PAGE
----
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Three-Year-Old Doesn't Talk
Q: I have a three-year-old nephew who is still not talking. He has had two specialized hearing screens, both of which came back normal. It appears that he does not understand what you are saying, or is just ignoring you. He is beginning speech therapy; however, my family would like to know what possible diagnoses we could begin researching. Any ideas?
A: It's important to note that some gifted and talented children don't say much when they are young, and then they just start talking in sentences. It's as if they are so focused on exploring their world that they just don't have time for talking, especially when their communication is not well enough developed for "mature" communication. When these kids start talking, look out! (Actually, it's quite a wonderful phenomenon.) Twins often don't talk or use "normal" language because they have such an intense relationship with their brother or sister and because there's no real need to talk to adults. Does your nephew live in a household where older siblings speak for him, or do things before he really asks, so that he may not really need to use language? These would be normal and more healthy interpretations of the language delays you describe.
However, delays in communication (either the ability to understand or use spoken language) can signal more serious problems. Since I don't know this child, I can't make a diagnosis, of course, but I can offer some possibilities to consider. This problem with communication could be a manifestation of severe early language-based learning disabilities. It could also signal a significant developmental (intellectual) delay. Does your nephew interact with people and objects in his world in a meaningful, way? Does he use appropriate gestures to get people to do what he wants or to make his needs known? Does he use objects in ways that are appropriate (given his young age)? Does he accurately copy or imitate the actions of other people? If not, he may be intellectually limited and delayed speech is just one aspect of a general developmental delay or retardation.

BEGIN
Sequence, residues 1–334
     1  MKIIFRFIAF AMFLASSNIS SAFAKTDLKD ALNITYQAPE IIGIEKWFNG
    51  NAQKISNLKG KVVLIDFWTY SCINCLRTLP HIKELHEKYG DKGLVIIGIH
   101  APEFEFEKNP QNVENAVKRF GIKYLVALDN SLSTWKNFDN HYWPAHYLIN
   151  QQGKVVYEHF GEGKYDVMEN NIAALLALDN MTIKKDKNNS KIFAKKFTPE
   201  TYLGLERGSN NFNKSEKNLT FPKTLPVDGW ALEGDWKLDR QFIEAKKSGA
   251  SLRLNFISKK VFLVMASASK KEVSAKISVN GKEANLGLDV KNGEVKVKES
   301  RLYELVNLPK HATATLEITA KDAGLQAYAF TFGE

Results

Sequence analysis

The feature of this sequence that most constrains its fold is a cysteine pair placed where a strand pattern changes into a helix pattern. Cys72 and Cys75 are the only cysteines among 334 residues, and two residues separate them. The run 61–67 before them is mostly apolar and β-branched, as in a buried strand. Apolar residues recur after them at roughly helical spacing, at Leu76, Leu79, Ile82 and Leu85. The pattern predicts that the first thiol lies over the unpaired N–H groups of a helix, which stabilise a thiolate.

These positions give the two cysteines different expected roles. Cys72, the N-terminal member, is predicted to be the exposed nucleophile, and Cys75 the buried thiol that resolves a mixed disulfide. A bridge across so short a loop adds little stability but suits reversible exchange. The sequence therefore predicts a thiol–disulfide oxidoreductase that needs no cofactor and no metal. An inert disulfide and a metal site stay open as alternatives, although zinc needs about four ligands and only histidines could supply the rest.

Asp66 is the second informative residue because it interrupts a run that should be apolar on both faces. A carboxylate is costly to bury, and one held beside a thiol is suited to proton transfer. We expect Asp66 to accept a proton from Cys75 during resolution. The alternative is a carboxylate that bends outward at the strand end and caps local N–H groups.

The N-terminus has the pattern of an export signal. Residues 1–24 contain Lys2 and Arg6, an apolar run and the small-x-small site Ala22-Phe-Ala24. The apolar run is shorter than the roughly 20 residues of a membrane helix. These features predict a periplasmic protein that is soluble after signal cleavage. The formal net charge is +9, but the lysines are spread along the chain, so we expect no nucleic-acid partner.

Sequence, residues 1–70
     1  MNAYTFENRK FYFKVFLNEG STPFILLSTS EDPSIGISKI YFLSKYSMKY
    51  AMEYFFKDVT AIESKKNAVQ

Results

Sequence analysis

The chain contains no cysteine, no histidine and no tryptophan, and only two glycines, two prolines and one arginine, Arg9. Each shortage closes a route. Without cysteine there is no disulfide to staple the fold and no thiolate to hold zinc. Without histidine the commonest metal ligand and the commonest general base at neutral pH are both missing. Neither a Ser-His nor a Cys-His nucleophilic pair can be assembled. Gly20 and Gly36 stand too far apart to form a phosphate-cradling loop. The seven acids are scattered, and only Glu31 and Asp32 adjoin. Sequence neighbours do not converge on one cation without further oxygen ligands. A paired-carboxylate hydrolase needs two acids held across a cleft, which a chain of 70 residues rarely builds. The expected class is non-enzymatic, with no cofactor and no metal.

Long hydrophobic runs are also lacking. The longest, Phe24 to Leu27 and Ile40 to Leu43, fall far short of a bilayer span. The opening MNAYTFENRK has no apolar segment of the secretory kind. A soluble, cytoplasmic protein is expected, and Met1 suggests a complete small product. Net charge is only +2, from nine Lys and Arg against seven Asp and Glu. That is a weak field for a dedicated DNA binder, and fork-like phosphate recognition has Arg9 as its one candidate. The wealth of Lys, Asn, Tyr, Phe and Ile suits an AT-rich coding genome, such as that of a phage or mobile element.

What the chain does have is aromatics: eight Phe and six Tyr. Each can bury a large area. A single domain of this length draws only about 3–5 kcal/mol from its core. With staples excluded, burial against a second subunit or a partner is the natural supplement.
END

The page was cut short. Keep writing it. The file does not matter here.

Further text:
Children with autism often have a history that includes delays in speech or a deterioration of communication skills after they appeared to be developing normally. If your nephew exhibits odd mannerisms (repetitive movements or self-stimulatory behavior such as repeatedly playing with wheels on toy trucks, rocking, spinning, or hand-flapping), then it's important to consider this diagnosis.
Hearing loss would certainly cause the problems you describe, but it sounds as if this has been ruled out. (Is this little boy aware of environmental noises? Does he look up when people enter the room or when a fire engine goes by? If not, then look again at hearing as the cause). Make sure to ask his pediatrician what he or she thinks, and have your nephew evaluated by a speech and language pathologist who specializes in young children. Getting to the bottom of this now is very important, since the earlier any necessary therapies are begun, the more effective they will be.
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Jerome (Jerry) Schultz is the founding clinical director of the Learning Lab @ Lesley University, a program that provides assessment, tutoring, and case management services for children with learning challenges. Schultz holds a Ph.D. from Boston College, and has completed postdoctoral fellowships in both clinical psychology and pediatric neuropsychology.